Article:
Babe Ruth was on fire. He had already hit 14 home runs in September 1927, the most recent one being a grand slam on the 27th. No one had hit that many in a single month. His most recent blast was the first grand slam he hit all season and just the ninth of his career. It not only gave the Yankees a 6-1 lead but it was one of just six home runs given up by Lefty Grove that season.
The Yankees had the day off on September 28 before the Washington Senators arrived in New York to play the final three games of the season. The Senators’ 84-66 record was good enough for third place, 22½ games behind first-place New York. The Yankees had rolled over the American League, winning 107 games with three more games remaining.
Urban Shocker started for the Yankees. He was enjoying his best season since coming to the Yankees in 1925. Shocker entered the game with a 17-6 record and a 2.94 ERA. He gave up consecutive singles to Bucky Harris and Babe Ganzel in the first before retiring the next two batters to get out of the inning.
Horace “Hod” Lisenbee took the mound for the Senators. He was a rookie who was having a great year. He entered the game with an 18-8 record, which would turn out to the best season of his career and the only winning one.
Lisenbee retired Earle Combs and Mark Koenig on infield groundouts in the bottom of the first. Ruth stepped to the plate. With the count 0-and-2, Lisenbee “was quite craftily trying to curve over [a] third one when Ruth stuck that one in the right-field bleachers. It was a low winging drive that went up only a few rows.”1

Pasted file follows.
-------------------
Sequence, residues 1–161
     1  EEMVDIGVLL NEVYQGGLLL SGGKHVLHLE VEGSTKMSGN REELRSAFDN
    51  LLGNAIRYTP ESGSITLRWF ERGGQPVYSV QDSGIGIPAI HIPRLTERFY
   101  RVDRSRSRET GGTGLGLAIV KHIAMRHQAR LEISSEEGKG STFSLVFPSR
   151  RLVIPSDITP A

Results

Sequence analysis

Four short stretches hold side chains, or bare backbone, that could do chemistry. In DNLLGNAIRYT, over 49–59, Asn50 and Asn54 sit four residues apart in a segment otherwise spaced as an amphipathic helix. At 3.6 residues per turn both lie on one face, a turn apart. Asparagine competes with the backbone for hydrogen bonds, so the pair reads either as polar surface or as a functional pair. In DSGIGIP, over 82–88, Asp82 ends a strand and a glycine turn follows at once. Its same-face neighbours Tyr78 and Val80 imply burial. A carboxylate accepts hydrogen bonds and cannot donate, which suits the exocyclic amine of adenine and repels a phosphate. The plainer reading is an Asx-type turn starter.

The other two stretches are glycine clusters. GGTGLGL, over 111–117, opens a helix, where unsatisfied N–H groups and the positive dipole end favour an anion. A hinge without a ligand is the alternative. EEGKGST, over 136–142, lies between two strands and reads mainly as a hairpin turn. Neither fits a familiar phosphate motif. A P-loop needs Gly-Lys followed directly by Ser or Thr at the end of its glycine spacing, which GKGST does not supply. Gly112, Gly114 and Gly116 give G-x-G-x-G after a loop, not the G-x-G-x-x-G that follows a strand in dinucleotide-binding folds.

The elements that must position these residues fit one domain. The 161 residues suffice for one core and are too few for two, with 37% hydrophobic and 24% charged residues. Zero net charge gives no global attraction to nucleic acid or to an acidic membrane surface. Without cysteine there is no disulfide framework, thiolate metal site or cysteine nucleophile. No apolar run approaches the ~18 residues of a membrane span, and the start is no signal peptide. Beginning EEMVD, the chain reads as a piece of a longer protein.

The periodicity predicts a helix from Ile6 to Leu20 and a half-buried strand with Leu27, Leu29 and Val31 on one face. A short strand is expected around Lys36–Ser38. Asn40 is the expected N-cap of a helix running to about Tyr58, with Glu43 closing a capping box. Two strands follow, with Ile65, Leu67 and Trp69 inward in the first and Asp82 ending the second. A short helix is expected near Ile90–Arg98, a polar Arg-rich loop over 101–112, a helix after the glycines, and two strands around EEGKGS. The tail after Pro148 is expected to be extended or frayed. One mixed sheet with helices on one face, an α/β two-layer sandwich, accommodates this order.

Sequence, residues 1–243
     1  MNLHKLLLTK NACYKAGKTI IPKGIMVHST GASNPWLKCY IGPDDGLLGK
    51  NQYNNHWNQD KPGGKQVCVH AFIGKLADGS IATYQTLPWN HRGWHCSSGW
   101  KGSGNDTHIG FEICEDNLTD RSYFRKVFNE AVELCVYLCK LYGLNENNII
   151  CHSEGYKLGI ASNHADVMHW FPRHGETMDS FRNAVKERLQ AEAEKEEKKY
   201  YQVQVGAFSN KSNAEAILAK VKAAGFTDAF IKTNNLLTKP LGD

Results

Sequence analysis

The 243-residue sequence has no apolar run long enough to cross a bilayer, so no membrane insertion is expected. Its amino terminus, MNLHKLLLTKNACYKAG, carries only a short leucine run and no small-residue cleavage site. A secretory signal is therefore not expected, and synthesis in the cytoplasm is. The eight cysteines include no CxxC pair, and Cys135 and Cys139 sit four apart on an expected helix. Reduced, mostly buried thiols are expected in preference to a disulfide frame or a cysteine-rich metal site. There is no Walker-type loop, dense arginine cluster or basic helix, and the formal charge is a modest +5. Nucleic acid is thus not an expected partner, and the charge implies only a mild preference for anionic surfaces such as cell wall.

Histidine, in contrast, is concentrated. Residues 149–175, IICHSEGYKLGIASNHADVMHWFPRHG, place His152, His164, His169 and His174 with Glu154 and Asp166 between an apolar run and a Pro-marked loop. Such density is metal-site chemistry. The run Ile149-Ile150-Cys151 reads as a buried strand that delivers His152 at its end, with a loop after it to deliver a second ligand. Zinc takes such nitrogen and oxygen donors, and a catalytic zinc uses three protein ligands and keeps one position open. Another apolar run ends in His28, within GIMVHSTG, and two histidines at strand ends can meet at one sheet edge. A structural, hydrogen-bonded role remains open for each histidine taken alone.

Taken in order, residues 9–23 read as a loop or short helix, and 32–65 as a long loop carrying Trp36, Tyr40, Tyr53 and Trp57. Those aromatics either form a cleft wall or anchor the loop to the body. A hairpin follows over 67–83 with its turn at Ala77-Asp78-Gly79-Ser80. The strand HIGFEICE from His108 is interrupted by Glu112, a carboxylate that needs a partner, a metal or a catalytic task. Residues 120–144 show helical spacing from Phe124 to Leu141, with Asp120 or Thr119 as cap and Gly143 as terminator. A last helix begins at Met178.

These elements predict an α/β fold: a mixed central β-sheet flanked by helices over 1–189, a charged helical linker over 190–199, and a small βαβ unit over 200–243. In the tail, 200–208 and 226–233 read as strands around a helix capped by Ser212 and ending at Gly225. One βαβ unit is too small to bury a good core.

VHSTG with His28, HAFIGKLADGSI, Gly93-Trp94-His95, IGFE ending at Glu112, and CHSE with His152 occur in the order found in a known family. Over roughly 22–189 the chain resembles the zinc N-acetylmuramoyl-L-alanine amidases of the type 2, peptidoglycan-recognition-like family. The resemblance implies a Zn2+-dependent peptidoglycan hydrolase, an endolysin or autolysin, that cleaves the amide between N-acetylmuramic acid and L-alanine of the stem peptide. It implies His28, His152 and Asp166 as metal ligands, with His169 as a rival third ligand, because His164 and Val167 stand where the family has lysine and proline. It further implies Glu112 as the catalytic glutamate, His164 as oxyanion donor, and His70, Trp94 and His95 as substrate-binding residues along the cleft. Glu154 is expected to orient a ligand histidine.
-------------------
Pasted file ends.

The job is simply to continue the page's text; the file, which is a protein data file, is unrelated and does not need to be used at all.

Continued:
But it went far enough to be Ruth’s 58th home run of the season. It was just the sixth round-tripper Lisenbee had surrendered all season. One of the previous five was by Ruth. That home run, on July 3, was also a solo blast in the first inning.
Ruth gave the Yankees the lead, but the Senators bounced back and took the lead in the second. Ossie Bluege reached first on an error by shortstop Koenig. Bobby Reeves hit Shocker’s next pitch over the left-field wall for two-run homer and the Senators were ahead, 2-1.
Their lead didn’t last long. The Yankees jumped all over Lisenbee in the bottom of the second. Tony Lazzeri drew a leadoff walk and Joe Dugan singled. Pat Collins followed with a double that scored Lazzeri. Shocker’s bunt down the first-base line scored Dugan. Combs flied out for the second out but Koenig singled and Ruth tripled to right-center. (It might have been a home run if he had pulled it a little more.) Ruth scored on Lisenbee’s wild pitch, and Lou Gehrig walked.
When Lisenbee gave up a double to Bob Meusel, Senators player-manager Harris went to his bullpen. Firpo Marberry relieved and gave up a single to Lazzeri, who got to second on right fielder Sam Rice’s throw home trying to get Meusel at the plate. Lazzeri stole third base but Marberry struck out Dugan for the final out. The Yankees led 8-2.
Marberry got the Yankees out in order in the third but the Yankees struck again in the fourth for three more runs. Koenig hit a leadoff single and Ruth flied out to center field. Koenig moved to third on a single by Gehrig. Koenig and Gehrig scored when Meusel doubled. On Lazzeri’s second single of the game, Meusel scored. Marberry got out of the inning when Dugan hit a line drive to shortstop Reeves, who doubled Lazzeri off first. The Yankees’ lead climbed to 11-2.
Shocker pitched two more scoreless innings before he was replaced by Dutch Ruether. Ruether got the first two outs in the fifth before giving up a single to Harris. Ganzel then hit Ruether’s first pitch deep into the left-field corner for an inside-the-park home run. Ruether yielded three consecutive singles after Ganzel’s home run, but the Senators failed to score and were left trailing 11-4 when Bluege grounded out.